Electric Motors Corporation has released this teaser photo of its new truck, the Flash, scheduled for a full unveiling in November.  The vehicle, to be built with Manufacturing partner Gulfstream Coach at a facility in Indiana, will be constructed using frame and some mechanicals from a Ford F-150.  According to Will Cashen, CEO of EMC,  “It’s an electric truck with an onboard range-extender generator system.  We’ve taken an F-150 and have done something similar to Tesla, where they used a Lotus sports car for the underpinnings of their electric car."

Like the Chevy Volt the Flash will use an electric motor to drive the wheels, with a gasoline powered back-up generator set to replenish the battery when charge drops beneath a specified level.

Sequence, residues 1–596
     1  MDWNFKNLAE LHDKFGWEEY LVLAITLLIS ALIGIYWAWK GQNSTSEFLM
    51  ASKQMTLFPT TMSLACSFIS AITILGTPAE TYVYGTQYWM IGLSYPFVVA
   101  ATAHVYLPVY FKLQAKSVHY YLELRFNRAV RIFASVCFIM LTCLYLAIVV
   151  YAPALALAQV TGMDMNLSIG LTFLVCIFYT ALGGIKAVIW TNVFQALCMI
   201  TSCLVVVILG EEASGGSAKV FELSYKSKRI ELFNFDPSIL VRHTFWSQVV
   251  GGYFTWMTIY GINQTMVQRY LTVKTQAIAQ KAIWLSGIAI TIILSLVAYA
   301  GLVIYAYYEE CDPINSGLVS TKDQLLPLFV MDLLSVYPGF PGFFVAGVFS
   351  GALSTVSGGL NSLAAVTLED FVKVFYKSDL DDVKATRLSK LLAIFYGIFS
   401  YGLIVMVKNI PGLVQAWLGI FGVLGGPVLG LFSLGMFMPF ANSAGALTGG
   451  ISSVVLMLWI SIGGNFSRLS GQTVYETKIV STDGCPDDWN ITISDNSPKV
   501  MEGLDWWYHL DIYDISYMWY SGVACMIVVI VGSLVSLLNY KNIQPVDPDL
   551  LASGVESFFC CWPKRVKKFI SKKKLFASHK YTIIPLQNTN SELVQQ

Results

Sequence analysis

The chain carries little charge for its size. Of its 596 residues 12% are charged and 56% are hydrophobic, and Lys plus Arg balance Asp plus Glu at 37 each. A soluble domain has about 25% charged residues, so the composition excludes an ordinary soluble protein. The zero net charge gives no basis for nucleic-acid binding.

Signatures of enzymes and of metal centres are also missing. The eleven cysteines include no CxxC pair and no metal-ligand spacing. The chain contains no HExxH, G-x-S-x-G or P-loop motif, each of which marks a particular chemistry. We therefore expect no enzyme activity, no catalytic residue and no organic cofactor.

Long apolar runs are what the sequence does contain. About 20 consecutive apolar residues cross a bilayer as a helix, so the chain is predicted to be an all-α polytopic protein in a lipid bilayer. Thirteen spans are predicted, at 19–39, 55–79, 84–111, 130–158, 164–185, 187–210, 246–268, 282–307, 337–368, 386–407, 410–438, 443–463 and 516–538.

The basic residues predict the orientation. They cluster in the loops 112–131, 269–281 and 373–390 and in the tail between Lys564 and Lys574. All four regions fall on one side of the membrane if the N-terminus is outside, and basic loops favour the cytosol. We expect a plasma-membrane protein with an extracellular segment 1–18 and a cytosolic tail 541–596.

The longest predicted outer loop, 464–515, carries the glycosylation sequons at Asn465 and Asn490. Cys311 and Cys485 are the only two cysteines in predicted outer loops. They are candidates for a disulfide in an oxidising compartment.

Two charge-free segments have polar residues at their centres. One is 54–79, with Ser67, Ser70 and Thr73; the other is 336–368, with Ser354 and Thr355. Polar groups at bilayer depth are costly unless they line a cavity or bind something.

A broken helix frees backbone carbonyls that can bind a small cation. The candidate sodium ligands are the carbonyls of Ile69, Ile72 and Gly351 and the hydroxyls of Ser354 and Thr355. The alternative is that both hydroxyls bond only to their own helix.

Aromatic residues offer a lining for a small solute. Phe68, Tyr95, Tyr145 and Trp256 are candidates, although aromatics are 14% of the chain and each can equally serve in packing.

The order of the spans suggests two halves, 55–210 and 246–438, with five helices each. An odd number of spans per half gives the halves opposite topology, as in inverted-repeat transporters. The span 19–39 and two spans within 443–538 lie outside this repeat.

According to Cashen “The unique thing about a truck is that [battery] packaging isn’t an issue like it is for cars.”  The Flash will have three different battery options: The smallest, least-expensive configuration is expected to get the equivalent of 40 mpg. Adding a second layer of batteries is estimated to get up to 100 mpg and adding a third set, Cashen said, will return up to 250 mpg. The batteries are mounted in-between the truck’s frame rails.

The Flash is expected to tow up to 5,700 pounds and carry up to 1,940 pounds, much like the lighter-duty 4-cylinder version of the Ford F-150 (which was discontinued this year).  However, it won’t be able to handle many off-road scenarios. Cashen said it’s primarily designed as an on-road truck.

EMC is projecting a sub $50,000.00 cost per unit, before the $7,500.00 federal tax credit.

A heavier, commercial truck called the thunderbolt, with greater power and battery capacity, is to follow the introduction (in small numbers) of  the Flash in 2010.

[SOURCE: Pickup Trucks.com]